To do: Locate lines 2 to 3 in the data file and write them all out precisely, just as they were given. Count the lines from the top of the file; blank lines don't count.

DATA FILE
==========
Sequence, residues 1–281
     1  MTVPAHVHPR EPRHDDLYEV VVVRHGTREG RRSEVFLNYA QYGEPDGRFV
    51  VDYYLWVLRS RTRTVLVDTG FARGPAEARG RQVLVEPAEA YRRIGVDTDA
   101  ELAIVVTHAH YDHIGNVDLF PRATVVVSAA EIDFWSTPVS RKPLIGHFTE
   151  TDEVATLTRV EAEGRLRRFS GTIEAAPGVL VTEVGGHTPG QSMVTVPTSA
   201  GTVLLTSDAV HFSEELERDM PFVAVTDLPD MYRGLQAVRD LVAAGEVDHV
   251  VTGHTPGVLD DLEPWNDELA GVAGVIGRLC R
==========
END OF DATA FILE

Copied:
     1  MTVPAHVHPR EPRHDDLYEV VVVRHGTREG RRSEVFLNYA QYGEPDGRFV
    51  VDYYLWVLRS RTRTVLVDTG FARGPAEARG RQVLVEPAEA YRRIGVDTDA